E. Jean Carroll’s accusation that Donald Trump raped her was not a “he said, she said” dispute, a lawyer representing the writer said as a civil trial over the former U.S. president’s conduct nearly three decades ago got under way.
Shane Crowley, who represents the former Elle magazine advice columnist, said during her opening statement on Tuesday that Trump “slammed Ms. Carroll against the wall” and “pressed his lips to hers,” an account that other witnesses were prepared to verify.
“This is not a ‘he said, she said’ case,” Crowley said in federal court in Manhattan.
Crowley spoke after U.S. District Judge Lewis Kaplan sat nine jurors who will decide whether Trump raped Carroll in a department store dressing room in the mid-1990s, and defamed her by denying it happened.
In an October 2022 post on his Truth Social platform, Trump, 76, had called Carroll’s rape claim a “hoax” and “complete Scam,” said she made it up to promote her memoir, and declared Carroll was “not my type!”
Carroll, 79, is seeking unspecified damages for what she calls significant pain and suffering, lasting psychological harm, and invasion of privacy.
She invoked a new New York state law giving adult sexual abuse victims a one-year window to sue their alleged attackers even if statutes of limitations expired long ago.
The trial is expected to last one to two weeks. Trump’s lawyer will also give an opening statement.
Carroll’s case is among a slew of lawsuits and probes facing Trump, the Republican front-runner in the 2024 presidential race. It could be politically damaging as witnesses discuss Trump’s alleged sexual misconduct, all of which he denies.
The trial began the same day President Joe Biden, a Democrat, said he would seek a second four-year White House term.
Trump has long inspired strong feelings from supporters and opponents across the political spectrum.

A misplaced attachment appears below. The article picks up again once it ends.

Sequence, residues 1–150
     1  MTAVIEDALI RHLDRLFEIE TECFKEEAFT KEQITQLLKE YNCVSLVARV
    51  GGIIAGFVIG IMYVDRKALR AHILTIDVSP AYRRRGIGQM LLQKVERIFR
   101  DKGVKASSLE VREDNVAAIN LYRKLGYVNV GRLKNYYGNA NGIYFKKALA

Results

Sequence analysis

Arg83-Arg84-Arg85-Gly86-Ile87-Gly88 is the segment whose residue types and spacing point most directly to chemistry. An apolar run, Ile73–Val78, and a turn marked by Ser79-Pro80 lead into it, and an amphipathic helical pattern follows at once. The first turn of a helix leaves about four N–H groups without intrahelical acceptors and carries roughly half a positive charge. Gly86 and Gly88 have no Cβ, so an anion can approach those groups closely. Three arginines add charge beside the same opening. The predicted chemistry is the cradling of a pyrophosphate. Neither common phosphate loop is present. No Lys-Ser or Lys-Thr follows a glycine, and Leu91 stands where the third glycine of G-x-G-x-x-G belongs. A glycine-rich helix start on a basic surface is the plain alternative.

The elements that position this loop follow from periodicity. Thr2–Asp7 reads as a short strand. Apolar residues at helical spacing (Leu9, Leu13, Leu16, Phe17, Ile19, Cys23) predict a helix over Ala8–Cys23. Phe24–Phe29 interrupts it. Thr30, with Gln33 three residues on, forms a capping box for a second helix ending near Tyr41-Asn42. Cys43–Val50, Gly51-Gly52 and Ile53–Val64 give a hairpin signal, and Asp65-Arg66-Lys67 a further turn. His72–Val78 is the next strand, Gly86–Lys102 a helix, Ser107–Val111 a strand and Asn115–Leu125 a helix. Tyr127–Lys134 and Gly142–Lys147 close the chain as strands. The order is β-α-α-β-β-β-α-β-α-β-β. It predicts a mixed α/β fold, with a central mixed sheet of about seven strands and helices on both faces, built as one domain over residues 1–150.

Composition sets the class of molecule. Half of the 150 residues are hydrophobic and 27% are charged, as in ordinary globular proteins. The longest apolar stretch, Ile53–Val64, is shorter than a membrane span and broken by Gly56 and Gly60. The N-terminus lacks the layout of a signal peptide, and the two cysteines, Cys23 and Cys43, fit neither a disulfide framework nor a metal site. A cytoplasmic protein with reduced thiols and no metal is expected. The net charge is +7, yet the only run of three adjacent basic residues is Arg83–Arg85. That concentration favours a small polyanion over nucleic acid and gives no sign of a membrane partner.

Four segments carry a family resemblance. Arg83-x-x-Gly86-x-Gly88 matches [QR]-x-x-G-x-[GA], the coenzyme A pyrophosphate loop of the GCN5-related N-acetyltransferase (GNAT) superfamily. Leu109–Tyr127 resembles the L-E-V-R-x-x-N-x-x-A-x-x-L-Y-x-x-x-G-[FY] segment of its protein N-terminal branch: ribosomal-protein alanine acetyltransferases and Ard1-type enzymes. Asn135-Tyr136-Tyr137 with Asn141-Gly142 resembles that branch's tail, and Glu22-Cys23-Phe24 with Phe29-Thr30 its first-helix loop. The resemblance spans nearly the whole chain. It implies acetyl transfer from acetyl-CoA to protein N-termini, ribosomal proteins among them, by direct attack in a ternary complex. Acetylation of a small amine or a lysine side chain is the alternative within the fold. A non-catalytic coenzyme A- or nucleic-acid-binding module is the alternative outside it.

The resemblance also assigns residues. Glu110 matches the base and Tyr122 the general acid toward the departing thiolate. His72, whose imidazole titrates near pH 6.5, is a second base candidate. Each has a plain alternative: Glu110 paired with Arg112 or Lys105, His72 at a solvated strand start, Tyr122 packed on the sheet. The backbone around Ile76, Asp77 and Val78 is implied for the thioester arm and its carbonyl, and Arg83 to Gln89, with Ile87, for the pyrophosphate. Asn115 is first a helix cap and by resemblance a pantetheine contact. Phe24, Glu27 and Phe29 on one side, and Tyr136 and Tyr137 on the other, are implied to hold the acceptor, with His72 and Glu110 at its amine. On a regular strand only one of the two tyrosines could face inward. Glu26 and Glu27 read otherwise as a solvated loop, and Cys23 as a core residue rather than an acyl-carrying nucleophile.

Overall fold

Before juror questioning began, Judge Kaplan ordered Trump’s and Carroll’s lawyers to tell their clients and witnesses not to make statements that could “incite violence or civil unrest.”
He asked prospective jurors whether they agreed with Trump that the 2020 presidential election was stolen, or thought the #MeToo movement – which Carroll has said inspired her to come forward – would undercut their impartiality. None said they did.
Kaplan is also keeping jurors anonymous from the public and the lawyers, to shield them from potential harassment by Trump supporters, and even suggested that jurors not use their real names when speaking with one another.
“If you’re normally a Bill and you’re selected for the jury or even before, you can be John for a couple of days,” the judge told prospective jurors.
Trump was not in the courthouse and was not required to attend the trial. He was also unlikely to testify, according to lawyers from both sides.
The former president has repeatedly attacked Carroll and in personal terms, once calling her mentally ill, since she first publicly accused him of rape in June 2019.
Carroll said her encounter with Trump at the Bergdorf Goodman store occurred in late 1995 or early 1996.
She said Trump recognized her, calling her “that advice lady,” and asked for help in buying a gift for another woman.
Carroll said Trump then “maneuvered” her into a dressing room where he shut the door, forced her against a wall, pulled down her tights and penetrated her. She said she broke free after two to three minutes.
Her witness list includes two friends in whom she said she confided after the attack, author Lisa Birnbach and former news anchor Carol Martin. It also includes two other women who have accused Trump of sexual misconduct, which Trump also denies.
Jurors are also expected to hear a 2005 “Access Hollywood” tape on which Trump made graphic, vulgar comments about women.
Trump’s lawyers may try to undermine Carroll’s credibility by noting that she did not call the police, remained publicly silent for more than two decades, and cannot remember the date or even the month of the alleged attack.
Other legal issues Trump faces include Manhattan District Attorney Alvin Bragg’s criminal charges over hush money payments to a porn star.
Trump pleaded not guilty to those charges on April 4 at a New York state courthouse, a three-minute walk from Tuesday’s trial.
The former president also faces:
* Civil fraud charges by New York Attorney General Letitia James into his namesake company.
* A criminal probe into interference in Georgia’s 2020 presidential race.
* A criminal probe into classified government documents recovered at his Mar-a-Lago residence.
* Inquiries into his role in the Jan. 6, 2021, attack on the U.S. Capitol.
In all of these cases, Trump has denied wrongdoing.
Carroll is also suing Trump for defamation after he first denied her rape claim in June 2019, when he was still president. That case remains pending before Kaplan.